Wednesday, August 13, 2008

Tropic Thunder

I haven't posted anything about this whole Tropic Thunder boycott business, mainly because I have a soft spot for Howard Stern and Sarah Silverman (not to mention Ben Stiller, who my wife can't stand) and (thus) tend to find the question of offensive humor to be much more complex than either those who are outraged by that humor or those who are outraged at "political correctness" seem to think. Also, I don't particularly like boycotts of expression, and I don't think it's possible to debate the merits of a movie I haven't seen. But I find this defense, from one of the co-writers of the film, quite outrageous myself:

"Some people have taken this as making fun of handicapped people, but we're really trying to make fun of the actors who use this material as fodder for acclaim," co-writer Etan Cohen echoed to MTV. "The last thing you want is for people to think you're making fun of the victims in this who are having their lives turned into fodder for people to win Oscars."

The joke, then, is really on people like Dustin Hoffman ("Rain Man"), Sean Penn, ("I Am Sam") and Tom Hanks ("Forrest Gump"), actors who do more harm than good by denying the painful realities of the illness and instead paint their characters as too sunny or bright, Cohen said.

"Movies about the mentally retarded is something we talked about for a long time. My grandfather was adopted by a mentally retarded man, a man who shouldn't have been allowed to adopt a kid," Cohen revealed. "When he saw 'Forrest Gump,' you ever saw a guy angrier than him. It was not such a picnic to be raised by that guy."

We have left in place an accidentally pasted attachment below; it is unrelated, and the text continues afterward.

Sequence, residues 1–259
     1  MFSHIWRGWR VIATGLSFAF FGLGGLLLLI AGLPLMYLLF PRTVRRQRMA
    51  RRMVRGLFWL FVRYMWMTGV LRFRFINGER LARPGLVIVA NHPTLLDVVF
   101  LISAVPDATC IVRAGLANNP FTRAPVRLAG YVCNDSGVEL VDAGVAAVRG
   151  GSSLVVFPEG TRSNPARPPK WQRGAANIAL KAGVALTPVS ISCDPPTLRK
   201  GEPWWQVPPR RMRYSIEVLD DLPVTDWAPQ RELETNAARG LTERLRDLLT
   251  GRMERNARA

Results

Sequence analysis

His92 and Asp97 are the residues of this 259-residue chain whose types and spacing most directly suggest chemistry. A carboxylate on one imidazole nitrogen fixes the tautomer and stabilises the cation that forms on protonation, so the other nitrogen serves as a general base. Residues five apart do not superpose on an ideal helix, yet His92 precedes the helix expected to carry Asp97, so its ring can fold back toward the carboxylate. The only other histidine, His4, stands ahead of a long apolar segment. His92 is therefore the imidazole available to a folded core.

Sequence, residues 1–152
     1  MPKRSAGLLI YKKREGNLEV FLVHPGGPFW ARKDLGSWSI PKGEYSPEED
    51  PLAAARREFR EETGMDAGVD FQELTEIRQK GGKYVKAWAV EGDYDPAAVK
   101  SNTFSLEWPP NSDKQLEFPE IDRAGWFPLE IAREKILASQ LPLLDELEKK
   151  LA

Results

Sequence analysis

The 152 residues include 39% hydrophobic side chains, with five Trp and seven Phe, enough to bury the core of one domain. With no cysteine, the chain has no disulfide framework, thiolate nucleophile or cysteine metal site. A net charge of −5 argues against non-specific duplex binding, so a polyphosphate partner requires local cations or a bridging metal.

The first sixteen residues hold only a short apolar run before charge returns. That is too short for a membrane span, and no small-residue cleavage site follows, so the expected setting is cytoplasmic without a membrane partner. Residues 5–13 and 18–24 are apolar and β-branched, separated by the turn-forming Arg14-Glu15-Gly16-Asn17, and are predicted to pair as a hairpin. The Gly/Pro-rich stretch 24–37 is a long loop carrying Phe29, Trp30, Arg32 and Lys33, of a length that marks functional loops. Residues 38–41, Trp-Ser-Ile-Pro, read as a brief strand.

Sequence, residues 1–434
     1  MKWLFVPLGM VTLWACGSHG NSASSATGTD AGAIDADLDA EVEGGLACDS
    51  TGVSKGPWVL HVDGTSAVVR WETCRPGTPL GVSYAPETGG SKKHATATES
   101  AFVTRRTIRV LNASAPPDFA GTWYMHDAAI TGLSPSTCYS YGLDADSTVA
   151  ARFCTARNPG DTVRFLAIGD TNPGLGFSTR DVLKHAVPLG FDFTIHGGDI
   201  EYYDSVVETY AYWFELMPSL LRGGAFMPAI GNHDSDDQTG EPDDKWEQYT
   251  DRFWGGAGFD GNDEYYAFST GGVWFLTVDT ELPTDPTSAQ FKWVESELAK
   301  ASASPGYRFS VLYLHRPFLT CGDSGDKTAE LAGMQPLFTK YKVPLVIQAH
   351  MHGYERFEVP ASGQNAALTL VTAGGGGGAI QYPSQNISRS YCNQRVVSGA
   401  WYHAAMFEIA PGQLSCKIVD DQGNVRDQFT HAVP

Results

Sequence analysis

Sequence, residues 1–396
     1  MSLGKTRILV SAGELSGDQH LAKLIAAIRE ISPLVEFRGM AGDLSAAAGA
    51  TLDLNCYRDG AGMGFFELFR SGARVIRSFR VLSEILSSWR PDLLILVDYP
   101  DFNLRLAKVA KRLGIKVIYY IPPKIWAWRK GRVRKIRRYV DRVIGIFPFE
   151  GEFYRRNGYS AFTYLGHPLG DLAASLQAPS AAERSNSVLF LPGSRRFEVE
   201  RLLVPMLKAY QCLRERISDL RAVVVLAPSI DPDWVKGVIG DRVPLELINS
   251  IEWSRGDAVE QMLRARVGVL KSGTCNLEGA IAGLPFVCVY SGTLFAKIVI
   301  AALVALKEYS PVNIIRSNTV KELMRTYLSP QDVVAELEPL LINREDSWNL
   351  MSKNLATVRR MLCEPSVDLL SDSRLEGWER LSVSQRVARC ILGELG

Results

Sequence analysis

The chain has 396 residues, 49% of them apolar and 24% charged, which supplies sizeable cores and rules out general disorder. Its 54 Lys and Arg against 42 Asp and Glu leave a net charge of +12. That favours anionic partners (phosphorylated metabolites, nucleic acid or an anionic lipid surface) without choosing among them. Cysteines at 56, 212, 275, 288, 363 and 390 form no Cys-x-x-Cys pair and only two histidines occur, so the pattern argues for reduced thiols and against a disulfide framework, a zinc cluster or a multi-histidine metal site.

I mean, sheesh! This certainly seems to suggest that the motivation is just pure bias. I'm sorry about Mr. Cohen's great-grandfather, but seriously, do you think it was political correctness, or too many Tom Hanks movies, that led the authorities to let him adopt Mr. Cohen's grandfather? Was Tom Hanks even born yet? There are good adoptive parents and there are crappy adoptive parents, and that's true of people with and without disabilities. Basically, Mr. Cohen seems to be saying that he used this film as a chance to get back at his great-grandfather and all of those other people with disabilities who were unjustly portrayed so positively by Messrs. Hoffman, Penn, and Hanks, when really, you know, they should have been institutionalized. Or, more charitably, he wanted to show the "other side" -- that it really sucks to have a disability, though Hollywood tries to paper it over. I guess he never saw Million Dollar Baby.



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